Benefits of a happy workforce
Evaluating the needs and desires of workers is critical to boosting employee engagement and productivity. According to a study by University of Warwick in Coventry, England, happy employees were 12 percent more productive than unhappy employees on average and that productivity stretched as high as 20 percent above a control group. Organizations that can crack the happiness code can actually gain a competitive edge. As it turns out, a majority of Canadians are not engaged at work, according to a 2016 poll. At the same time, employers that fail to improve workplace satisfaction can suffer from reduced productivity, high turnover, low morale, reduced ability to recruit good talent and negative interactions between employees and staff and customers.
What to measure in an employee satisfaction survey
Employee satisfaction surveys vary from company to company, depending on their size and type of business. But overall, they should measure worker happiness and feelings of empowerment, as well as attitudes toward:
- Getting work done.
- Communication and instruction
- Support of employees
- Distribution of workload
- Appreciation and recognition by management
- Company culture
- Company’s mission
- Working with team members
- Opportunity for advancement
Offering anonymous surveys helps to generate honest responses, but companies can choose methods that are most suitable for their workforce. For example, managers can verbally ask questions of employees in small groups or conduct exit interviews of departing workers.
Designing Effective Employee Satisfaction Survey Questions
Remember that surveys are designed to elicit honest, genuine responses. Therefore, the questions should be straightforward and easy to understand. Companies should create questions that are open-ended, rather than appearing to elicit a particular response. The tone of the questions should be conversational and straightforward, so avoid corporate jargon. Answer choices should usually offer an option that reflects no emotion (“it doesn’t matter to me”), no knowledge (“I am not familiar with this topic”), or no certainty (“I’m not sure”). There are some important areas that just about every survey should cover. Answers may be given as a combination of multiple choice and narrative writing.
Here are some sample questions that aim to measure employees’ feelings about their overall job satisfaction; a company’s mission and culture; workers’ passion for performing well; being appreciated and supported by management; and working with other employees.
|Overall job satisfaction||On a scale of one to five, how would you rate how you feel about your job overall? Please explain your answer.|
|Company’s mission||How do you feel about the company’s vision and mission? Would you say that it’s extremely important, important, neither important nor unimportant, unimportant or extremely unimportant?|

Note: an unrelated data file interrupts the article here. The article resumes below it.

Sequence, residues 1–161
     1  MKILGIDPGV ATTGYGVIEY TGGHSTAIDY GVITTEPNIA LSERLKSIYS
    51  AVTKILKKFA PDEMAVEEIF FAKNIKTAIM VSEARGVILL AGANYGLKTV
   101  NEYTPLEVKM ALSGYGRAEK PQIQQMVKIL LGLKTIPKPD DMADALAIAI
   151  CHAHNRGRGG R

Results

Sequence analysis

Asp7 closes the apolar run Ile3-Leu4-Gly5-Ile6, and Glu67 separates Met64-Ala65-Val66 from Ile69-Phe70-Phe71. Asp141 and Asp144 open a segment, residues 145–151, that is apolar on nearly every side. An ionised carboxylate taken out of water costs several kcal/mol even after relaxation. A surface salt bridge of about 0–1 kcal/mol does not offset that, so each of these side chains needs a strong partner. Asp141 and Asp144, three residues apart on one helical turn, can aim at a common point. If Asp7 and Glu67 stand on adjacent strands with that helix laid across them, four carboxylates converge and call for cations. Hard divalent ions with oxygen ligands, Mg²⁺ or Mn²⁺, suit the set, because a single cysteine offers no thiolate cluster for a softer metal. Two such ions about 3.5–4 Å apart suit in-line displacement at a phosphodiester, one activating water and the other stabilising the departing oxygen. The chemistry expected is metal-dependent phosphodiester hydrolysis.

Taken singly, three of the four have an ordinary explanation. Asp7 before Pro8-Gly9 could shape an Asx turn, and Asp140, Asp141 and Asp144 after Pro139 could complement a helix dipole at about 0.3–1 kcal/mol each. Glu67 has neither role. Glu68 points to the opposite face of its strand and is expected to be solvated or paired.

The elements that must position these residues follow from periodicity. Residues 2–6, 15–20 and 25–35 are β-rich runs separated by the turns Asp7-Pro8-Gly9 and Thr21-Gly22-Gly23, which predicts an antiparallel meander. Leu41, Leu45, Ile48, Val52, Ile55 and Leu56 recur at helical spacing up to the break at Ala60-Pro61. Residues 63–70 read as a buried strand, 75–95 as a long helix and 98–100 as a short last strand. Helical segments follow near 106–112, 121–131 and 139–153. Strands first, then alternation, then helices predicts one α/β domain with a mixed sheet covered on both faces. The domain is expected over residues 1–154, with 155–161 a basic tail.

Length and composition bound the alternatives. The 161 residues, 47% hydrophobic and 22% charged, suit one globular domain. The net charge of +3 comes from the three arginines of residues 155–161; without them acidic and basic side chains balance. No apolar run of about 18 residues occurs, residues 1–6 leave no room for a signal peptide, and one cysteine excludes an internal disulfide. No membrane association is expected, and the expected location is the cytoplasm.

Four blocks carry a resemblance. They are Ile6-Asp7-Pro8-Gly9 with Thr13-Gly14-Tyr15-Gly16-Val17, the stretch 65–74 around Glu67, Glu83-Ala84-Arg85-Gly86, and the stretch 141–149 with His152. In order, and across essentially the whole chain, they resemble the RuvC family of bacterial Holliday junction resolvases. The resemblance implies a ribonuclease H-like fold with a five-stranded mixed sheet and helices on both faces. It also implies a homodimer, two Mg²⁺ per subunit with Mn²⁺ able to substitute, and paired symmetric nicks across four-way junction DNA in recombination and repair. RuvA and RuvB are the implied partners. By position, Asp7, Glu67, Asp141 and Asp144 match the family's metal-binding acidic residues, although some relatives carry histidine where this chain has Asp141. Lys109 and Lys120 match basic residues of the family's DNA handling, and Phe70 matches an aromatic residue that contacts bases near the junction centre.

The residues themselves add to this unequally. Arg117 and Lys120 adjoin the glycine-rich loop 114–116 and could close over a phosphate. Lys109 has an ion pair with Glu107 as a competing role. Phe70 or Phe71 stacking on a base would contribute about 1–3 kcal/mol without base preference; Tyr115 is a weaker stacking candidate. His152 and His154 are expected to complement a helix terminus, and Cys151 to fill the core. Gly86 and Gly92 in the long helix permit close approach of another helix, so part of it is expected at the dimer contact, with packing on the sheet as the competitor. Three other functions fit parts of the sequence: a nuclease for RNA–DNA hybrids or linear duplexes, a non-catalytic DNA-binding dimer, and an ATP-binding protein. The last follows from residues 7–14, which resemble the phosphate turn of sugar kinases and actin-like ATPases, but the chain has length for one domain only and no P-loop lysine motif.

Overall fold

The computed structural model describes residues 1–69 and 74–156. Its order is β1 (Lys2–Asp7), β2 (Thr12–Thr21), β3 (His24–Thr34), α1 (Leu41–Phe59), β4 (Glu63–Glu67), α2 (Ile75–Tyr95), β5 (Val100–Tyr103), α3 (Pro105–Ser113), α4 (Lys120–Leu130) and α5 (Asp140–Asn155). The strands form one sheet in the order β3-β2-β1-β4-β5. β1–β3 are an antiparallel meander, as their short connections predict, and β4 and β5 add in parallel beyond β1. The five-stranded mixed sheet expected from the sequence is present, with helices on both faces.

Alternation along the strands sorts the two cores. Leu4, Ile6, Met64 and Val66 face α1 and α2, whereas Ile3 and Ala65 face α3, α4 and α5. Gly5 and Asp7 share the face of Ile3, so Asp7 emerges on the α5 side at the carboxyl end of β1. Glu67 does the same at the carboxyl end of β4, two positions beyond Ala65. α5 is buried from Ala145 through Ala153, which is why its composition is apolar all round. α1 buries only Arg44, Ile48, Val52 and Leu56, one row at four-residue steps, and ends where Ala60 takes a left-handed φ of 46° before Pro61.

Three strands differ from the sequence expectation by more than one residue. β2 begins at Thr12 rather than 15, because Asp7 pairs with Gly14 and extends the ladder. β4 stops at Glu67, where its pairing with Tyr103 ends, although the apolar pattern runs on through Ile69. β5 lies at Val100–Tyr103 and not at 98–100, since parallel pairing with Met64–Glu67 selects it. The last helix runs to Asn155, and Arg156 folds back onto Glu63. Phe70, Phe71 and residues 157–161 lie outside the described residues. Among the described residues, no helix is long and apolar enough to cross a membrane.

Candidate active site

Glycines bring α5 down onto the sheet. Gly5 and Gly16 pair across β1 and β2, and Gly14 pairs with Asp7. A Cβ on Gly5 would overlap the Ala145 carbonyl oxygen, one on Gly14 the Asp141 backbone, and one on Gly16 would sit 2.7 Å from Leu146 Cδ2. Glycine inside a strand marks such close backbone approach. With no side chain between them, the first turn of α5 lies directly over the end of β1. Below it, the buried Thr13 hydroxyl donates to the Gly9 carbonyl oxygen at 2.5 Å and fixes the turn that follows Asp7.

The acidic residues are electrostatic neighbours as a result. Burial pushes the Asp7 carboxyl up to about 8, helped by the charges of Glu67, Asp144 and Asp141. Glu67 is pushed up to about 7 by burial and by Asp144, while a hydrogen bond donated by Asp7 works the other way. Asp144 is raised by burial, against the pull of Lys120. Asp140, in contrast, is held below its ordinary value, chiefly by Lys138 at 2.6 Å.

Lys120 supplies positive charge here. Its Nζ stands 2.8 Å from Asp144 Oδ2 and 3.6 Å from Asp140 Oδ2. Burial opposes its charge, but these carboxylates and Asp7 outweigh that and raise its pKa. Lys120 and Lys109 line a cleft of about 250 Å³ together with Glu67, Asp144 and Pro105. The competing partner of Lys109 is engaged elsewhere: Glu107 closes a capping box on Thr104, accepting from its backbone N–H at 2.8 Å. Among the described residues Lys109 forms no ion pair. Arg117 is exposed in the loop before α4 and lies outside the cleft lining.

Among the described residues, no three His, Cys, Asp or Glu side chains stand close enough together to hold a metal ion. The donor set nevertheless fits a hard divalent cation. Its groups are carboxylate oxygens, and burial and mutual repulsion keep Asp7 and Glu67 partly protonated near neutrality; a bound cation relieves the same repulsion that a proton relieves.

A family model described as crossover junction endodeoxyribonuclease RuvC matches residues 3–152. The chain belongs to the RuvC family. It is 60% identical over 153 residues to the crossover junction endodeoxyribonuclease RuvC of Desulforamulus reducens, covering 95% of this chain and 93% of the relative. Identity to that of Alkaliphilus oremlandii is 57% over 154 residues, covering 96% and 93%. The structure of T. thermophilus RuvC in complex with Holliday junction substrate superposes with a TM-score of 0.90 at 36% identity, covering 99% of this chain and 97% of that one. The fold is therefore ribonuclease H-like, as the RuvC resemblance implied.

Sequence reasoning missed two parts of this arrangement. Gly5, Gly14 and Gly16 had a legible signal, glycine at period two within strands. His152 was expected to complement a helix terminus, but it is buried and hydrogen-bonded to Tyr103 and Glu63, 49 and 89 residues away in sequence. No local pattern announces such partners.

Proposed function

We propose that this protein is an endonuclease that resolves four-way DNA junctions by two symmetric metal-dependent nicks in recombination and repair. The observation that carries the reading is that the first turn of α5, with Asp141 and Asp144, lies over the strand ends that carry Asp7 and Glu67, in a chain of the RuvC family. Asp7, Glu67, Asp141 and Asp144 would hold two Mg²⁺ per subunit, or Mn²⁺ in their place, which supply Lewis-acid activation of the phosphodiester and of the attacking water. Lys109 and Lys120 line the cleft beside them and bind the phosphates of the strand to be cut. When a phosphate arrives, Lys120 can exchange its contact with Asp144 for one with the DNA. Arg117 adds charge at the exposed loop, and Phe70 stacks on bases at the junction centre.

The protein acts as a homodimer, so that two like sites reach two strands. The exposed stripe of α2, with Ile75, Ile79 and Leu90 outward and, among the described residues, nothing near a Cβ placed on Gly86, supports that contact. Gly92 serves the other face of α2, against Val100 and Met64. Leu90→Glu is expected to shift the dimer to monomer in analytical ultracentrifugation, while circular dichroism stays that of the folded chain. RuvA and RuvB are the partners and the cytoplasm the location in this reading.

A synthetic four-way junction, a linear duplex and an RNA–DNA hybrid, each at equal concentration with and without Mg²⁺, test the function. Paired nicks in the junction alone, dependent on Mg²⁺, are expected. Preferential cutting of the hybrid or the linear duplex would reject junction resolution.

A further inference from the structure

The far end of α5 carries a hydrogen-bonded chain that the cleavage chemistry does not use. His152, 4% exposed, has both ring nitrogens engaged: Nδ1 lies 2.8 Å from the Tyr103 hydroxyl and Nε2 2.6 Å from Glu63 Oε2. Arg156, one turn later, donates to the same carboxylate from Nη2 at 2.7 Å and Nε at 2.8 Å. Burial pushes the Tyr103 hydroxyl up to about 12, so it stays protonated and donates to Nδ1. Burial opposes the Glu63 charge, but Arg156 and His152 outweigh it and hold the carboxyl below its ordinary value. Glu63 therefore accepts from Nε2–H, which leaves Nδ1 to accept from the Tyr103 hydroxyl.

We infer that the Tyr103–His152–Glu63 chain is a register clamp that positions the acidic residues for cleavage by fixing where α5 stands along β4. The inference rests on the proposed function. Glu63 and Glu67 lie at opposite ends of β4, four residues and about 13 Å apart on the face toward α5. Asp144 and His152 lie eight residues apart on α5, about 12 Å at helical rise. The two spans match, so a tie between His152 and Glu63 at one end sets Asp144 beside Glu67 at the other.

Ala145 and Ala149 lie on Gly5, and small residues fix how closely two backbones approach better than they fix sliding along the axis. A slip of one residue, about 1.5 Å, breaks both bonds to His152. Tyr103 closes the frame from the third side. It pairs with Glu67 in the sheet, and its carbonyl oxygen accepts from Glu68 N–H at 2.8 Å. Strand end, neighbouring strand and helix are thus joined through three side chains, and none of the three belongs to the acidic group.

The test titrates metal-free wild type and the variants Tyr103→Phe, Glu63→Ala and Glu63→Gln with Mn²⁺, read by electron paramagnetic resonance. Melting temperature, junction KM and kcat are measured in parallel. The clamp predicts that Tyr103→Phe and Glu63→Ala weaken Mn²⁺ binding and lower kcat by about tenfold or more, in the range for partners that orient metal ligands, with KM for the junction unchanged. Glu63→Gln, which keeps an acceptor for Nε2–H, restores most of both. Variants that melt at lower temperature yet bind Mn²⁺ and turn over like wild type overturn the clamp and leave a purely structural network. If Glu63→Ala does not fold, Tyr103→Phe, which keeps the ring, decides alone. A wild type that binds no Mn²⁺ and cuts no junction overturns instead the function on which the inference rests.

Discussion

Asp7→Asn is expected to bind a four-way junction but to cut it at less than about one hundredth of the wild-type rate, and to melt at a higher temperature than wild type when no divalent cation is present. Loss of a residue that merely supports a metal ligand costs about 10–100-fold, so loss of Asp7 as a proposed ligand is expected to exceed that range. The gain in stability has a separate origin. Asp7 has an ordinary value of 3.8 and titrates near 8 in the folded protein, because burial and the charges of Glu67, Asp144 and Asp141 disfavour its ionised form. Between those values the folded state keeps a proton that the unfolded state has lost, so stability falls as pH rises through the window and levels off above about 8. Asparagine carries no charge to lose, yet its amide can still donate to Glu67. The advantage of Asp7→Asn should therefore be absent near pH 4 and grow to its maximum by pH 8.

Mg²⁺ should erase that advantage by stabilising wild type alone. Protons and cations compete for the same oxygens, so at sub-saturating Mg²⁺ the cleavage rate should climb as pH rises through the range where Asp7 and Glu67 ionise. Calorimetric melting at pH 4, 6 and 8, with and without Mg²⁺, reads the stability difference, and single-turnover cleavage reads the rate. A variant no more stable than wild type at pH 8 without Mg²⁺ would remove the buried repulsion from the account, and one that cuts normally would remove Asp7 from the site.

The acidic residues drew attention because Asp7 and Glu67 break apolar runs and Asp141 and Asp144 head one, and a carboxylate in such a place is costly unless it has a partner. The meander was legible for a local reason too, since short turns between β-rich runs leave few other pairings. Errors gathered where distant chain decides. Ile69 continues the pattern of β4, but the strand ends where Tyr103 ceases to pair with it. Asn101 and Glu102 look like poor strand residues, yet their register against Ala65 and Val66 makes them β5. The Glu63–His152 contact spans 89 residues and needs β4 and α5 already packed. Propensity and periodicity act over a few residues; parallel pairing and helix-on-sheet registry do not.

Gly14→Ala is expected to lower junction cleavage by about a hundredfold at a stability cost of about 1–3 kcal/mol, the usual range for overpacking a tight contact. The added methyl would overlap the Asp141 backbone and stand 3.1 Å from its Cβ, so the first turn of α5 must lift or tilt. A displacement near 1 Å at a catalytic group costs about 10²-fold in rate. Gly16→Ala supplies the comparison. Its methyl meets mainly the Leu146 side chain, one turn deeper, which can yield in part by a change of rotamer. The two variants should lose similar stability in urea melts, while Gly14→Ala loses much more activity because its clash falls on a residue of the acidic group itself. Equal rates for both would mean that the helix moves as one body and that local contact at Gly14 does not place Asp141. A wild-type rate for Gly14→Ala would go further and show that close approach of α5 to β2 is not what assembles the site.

|Company culture||Would you describe the company’s culture as one that is welcoming to all people regardless of their backgrounds? (Answers can be ‘yes’, ‘no’ or ‘not sure’). Please explain your answer.|
|Passion for quality work||What best describes your feelings about doing your job well, generally speaking? Passionate, good, so-so, bad, disgusted.|
|Being recognised/appreciated by management||When I perform a task to the best of my ability, my manager gives me supportive and helpful feedback as much as I need; it’s sometimes helpful but I could use more support; I need a lot more support than I am getting.|
|Feeling informed and supported||For most of my tasks, I feel that I receive all the information I need to perform my job well ____ percent of the time.|
|Working with other employees||I feel most/nearly all/some/almost none/none of my co-workers communicate with me in a respectful way.|
Follow-up is critical
Once survey data is collected and tabulated, companies have valuable information on what they’re doing well and what needs to change to boost workplace satisfaction. The worst thing to do with that data is nothing. Administering these surveys is not simply an exercise to allow employees to feel “heard.” There must be appropriate and timely follow-up so that workers believe management cares about their needs. Companies that give workplace satisfaction surveys should be prepared to:
- Be transparent. Report to workers company-wide results of the surveys.
- Plan for meaningful change. In reviewing the data, identify patterns of disgruntledness and sensible requests for change that would benefit the company overall.
- Involve employees in making changes. Designate employee committees that will give input as the company moves forward toward making changes.
- Follow up with more surveys. Once changes are implemented, survey employees again about how they feel about them.
If companies give employees surveys with a sincere desire to evaluate workplace satisfaction and determine what changes will make employees happier, employers can be rewarded with increased engagement and productivity. Furthermore, as trust grows, employees are likely to continue to provide businesses with honest input that can lead to a mutually beneficial relationship.